A casino is a place where people can play games of chance for money or other rewards. There have been a lot of different types of places that house gambling activities over the years, from humble saloons in Arizona to the huge, glitzy casinos in Las Vegas. Modern casinos often combine a wide variety of gambling activities with top-notch hotels, spas and restaurants.
Gambling at a casino starts with a staff that watches the patrons carefully for anything suspicious. Dealers are trained to spot blatant cheating, such as palming, marking and switching cards or dice. Table managers and pit bosses have a broader view of the game and can watch for betting patterns that might indicate cheating. Casinos also use elaborate surveillance systems, from the basic “eye-in-the-sky” cameras to closed circuit television (CCTV) that can focus on individual patrons or groups of patrons.
Casinos are usually staffed with a physical security force and a specialized surveillance department. These departments work closely with each other and have proven very effective in deterring criminal activity. Cameras can monitor all areas of a casino and can be directed to focus on specific tables or patrons, especially during high-stakes games.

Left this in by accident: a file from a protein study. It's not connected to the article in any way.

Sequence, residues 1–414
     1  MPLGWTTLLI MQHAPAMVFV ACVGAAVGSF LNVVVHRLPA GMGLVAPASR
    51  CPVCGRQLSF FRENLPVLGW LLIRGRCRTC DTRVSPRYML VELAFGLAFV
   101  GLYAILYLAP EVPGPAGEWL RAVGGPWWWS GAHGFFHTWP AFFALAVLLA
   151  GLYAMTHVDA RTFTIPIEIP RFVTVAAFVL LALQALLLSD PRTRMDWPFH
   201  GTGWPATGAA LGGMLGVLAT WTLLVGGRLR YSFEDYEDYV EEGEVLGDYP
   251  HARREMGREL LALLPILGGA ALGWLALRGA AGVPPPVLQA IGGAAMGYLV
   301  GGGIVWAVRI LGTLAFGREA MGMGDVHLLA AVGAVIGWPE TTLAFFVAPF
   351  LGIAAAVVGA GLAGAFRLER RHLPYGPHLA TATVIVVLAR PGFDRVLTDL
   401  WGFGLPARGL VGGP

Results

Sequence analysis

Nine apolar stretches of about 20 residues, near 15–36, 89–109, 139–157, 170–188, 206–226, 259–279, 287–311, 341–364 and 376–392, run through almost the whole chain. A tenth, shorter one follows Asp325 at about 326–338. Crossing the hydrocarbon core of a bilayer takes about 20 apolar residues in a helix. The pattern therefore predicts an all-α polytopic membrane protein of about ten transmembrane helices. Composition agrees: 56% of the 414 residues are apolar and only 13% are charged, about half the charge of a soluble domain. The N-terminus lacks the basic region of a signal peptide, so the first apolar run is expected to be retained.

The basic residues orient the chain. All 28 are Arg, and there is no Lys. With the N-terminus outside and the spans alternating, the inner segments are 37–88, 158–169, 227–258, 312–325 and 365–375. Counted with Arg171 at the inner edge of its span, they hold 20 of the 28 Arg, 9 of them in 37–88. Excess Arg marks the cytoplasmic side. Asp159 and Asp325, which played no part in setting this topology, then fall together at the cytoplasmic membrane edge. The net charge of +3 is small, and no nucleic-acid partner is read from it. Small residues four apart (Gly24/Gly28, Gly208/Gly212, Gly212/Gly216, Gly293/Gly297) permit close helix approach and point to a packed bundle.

In addition to security, casino managers have a strong interest in customer service. They want gamblers to come back, so they offer perks known as comps for big spenders. These can include free shows, hotel rooms and reduced-fare transportation. Some casinos even give free meals and limo service to gamblers who are spending a lot of time playing.